I’m not sure whether that’s really what Lynch meant to do, but he’s called The Straight Story “my most experimental movie”, so who knows? On the other hand everything Lynch does plays with the formula – allegory, unreliable narrators, questionable performances from David Bowie – and just about the only thing you can predict about him is that he’ll never do anything predictable. So maybe the experimental aspect is that it isn’t experimental at all. Theories about the fate of Rose’s children aside (“someone” was looking after them the night of the fire…could that someone have been Alvin himself?) perhaps this really is just a film about an old man who drives 240 miles on his lawnmower and meets some lovely people along the way.

Still. If you’ve seen Wild At Heart, it’s a bit jarring. There’s no death, no violence, nothing to upset anyone but the most stringent fundamentalists (The CAP Movie Ministry, the internet’s self-serving source of ‘Christian’ film reviews, docks it points for “terror of runaway lawn mower down a hill with the rider”). Even Twin Peaks, accessible by design, had its moments of darkness. The worst we have to contend with here is Alvin losing his hat, in just about the closest the movie gets to an action sequence.

There are exceptions. The Olsen twins feel like watered down versions of Lynch standards, the sort of scam artists you’d expect to see in a hick version of Lost Highway. The woman who can’t avoid the deer is downright anomalous – a scene that simply doesn’t fit the narrative, although there is a glimmer of recognition in Alvin’s wistful stare as she drives into the distance – almost as if he recognises a part of himself in that angry commuter. It’s the most Lynch-like scene in a film that is distinctly non-Lynch. There is nothing like this.

(I really wouldn’t worry. Nobody gets this scene. Nobody.)

Anyway: I’d been thinking for a while that The Straight Story really would benefit from a bit of a revamp. Because what better choice for a psychological thriller than a film that doesn’t contain a single sinister undertone? So I downloaded a few stings from horror trailers and mixed them in with a re-pitched Johnny Cash song and the Silent Hill soundtrack (that’s the original PlayStation version, not that godawful film they did a few years back). Nothing says ‘uncomfortable dissonance’ like a bit of Akira Yamaoka, particularly when it’s accompanied by images of Richard Farnsworth apparently losing his mind.

And I confess I’m quite pleased with the end result. There are no dwarves, but you can’t have everything.

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The Mulholland Drive / Doctor Who Connection

I can still remember where I was when I saw Mulholland Drive. It was an evening showing at the local theatre – Lynch movies got limited release, at least in my hometown – and it was a one-night-only performance. I went with a friend from the office who loved David Lynch almost as much as I did. Earlier that day, we’d been giggling about the stupidity of the over-zealous Capalert – a Christian film review service who deducted family suitability points from The Straight Story (one of the gentlest, kindest films you’ll ever encounter) on the grounds of ‘terror of runaway lawn mower down a hill with the rider’. Some people simply have too much free time – and that’s me saying that.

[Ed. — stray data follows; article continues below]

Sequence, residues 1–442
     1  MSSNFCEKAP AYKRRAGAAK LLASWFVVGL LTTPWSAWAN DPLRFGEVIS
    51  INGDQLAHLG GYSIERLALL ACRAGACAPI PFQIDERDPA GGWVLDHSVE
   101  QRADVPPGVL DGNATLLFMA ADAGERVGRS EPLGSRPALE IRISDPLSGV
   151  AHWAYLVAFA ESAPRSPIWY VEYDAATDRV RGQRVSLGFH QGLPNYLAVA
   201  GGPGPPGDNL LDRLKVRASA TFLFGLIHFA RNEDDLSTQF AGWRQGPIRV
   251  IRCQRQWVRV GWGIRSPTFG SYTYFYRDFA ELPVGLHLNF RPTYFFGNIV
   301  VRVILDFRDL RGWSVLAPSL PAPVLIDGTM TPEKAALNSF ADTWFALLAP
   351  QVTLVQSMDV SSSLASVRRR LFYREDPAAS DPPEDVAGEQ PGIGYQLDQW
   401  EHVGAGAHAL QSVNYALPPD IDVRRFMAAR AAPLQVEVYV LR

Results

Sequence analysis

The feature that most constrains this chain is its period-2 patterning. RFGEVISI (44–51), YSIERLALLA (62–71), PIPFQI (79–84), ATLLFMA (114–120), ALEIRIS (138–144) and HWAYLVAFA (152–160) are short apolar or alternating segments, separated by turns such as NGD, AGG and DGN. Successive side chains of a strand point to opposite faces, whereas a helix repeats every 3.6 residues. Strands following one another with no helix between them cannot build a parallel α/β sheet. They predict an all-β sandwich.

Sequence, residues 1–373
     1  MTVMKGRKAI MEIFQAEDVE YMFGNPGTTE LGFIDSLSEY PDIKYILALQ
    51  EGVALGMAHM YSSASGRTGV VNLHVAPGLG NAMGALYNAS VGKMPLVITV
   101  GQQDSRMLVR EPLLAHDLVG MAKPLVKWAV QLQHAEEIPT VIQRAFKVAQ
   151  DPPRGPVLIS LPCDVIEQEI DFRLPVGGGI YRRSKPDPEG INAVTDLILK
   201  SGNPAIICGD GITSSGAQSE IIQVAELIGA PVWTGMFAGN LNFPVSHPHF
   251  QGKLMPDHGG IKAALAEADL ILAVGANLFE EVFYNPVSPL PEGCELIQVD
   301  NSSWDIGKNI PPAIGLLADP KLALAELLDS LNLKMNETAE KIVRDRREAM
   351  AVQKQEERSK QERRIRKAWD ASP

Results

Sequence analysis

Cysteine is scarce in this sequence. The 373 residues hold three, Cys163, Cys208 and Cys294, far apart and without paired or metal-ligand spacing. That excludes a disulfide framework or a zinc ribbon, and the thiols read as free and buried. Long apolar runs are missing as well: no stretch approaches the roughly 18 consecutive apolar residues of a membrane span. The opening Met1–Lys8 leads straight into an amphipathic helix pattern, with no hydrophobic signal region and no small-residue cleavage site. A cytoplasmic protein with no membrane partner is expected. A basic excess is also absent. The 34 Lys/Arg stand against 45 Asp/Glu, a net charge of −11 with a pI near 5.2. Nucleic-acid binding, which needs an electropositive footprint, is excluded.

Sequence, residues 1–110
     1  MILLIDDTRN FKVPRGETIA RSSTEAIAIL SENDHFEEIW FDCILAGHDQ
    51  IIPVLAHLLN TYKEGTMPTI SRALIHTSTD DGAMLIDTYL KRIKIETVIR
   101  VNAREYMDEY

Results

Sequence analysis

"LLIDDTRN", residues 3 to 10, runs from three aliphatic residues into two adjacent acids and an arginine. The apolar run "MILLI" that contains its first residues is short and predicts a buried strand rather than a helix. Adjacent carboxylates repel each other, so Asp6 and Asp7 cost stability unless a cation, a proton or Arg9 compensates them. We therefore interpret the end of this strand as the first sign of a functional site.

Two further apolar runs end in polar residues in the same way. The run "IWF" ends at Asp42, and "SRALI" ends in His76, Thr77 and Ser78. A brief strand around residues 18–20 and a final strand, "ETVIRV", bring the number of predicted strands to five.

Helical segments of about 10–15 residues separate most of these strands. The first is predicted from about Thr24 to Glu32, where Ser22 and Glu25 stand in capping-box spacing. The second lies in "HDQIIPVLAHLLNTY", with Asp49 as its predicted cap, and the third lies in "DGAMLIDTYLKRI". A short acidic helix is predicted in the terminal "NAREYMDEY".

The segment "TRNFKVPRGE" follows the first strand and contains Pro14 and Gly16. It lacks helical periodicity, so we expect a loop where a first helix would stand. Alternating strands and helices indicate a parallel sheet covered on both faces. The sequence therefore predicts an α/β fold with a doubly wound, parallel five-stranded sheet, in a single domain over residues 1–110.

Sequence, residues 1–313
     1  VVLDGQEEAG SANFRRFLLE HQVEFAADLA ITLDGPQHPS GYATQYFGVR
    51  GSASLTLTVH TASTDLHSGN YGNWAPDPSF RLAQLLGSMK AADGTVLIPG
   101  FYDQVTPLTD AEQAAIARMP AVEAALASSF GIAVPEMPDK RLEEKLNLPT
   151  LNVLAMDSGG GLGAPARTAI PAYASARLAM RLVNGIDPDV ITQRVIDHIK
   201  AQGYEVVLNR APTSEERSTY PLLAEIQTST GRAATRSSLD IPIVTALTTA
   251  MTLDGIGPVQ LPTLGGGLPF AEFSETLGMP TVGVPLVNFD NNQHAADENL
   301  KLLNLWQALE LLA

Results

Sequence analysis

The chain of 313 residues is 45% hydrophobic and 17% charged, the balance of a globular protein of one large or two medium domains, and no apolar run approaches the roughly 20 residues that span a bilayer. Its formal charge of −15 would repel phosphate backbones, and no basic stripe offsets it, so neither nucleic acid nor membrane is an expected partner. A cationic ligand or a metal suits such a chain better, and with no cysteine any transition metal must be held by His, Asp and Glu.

Twin Peaks aside, I’ve always been something of a maverick when it comes to my admiration of Lynch. Blue Velvet, for example, bores me to tears. I get it, for sure, but I find Rossellini embarrassing to watch, and MacLachlan’s Heineken affirmations quite horrendous. Conversely, I am quite the fan of Dune. Everybody loves The Elephant Man, and I think we can all at least agree that Eraserhead is a masterpiece, can’t we?

But Mulholland Drive. It always felt like the film that Lost Highway wanted to be and didn’t quite manage. Lynch’s 1997 tour-de-force is a brooding, violent piece of work, in which Bill Pullman murders his wife and wakes up as Balthazar Getty (which, if Getty’s rumoured on-set behaviour is anything to go by, is something of a trade-down). Without wanting to give anything away, Mulholland Drive is based around similar themes of betrayal and revenge and identity, but it feels far more coherent and satisfying, with some electric performances from the leads. Doesn’t mean I understand it, though. There’s two hours of slow-paced, occasionally surreal film noir, and then [MONUMENTAL SPOILER], which turns the entire film on its head.

“What the hell was that?” I remember saying when we left the cinema. “What just happened? What did we just watch?”

“Don’t mess with it, man,” came the reply from Jon. “It’s Lynch.”

I kind of have to be in the mood for Mulholland Drive, even when I know how it ends. That probably explains why I only got around to watching it for the second time just the other week, despite the fact that it was purchased a decade ago as part of a box set I picked up in HMV. But on this particular Saturday I was feeling dark and freakish, so Em and I got the boys in bed as early as we could, and made a night of it.

And all I could think about was Doctor Who.

I mean, the connections – such as they exist – are (probably) entirely coincidental. I doubt that Dave’s a fan, for one thing – I suspect he’s more of a Prisoner buff.  There is one interesting link to Classic Who and one link to New Who, specifically an episode that wouldn’t air until ten years after Lynch’s movie hit the art cinemas. But anyway. Let’s start with the slightly more obscure material. In the first instance, you have the grinning old lady.

Mul_Old Lady

Said old lady appears in the final act, in a nightmarish closing sequence, but even in this early appearance it’s clear that she’s not all that she seems. Which sort of happened in this episode.


Marginally less tenuous (but not much) is the link between the Club Silencio’s Master of Ceremonies and a classic Who character.



Oh, perhaps it’s the moustache.

But these are mere trivialities. The meat is to be found further in. First there’s the monster behind the diner. One of the most enigmatic of all characters, with a multitude of possible origins and meanings. But as it turns out, there’s a far simpler explanation.


So now you know. Most conclusive of all, however, is the mysterious box that is suddenly found inside Betty’s handbag halfway through Rebekah Del Rio’s spellbinding performance of ‘Crying’. Never mind the fact that it’s blue, and far bigger on the inside. We’ve seen it elsewhere.


Haven’t we?

As Jon would say, “Don’t mess with it, man. It’s Lynch.”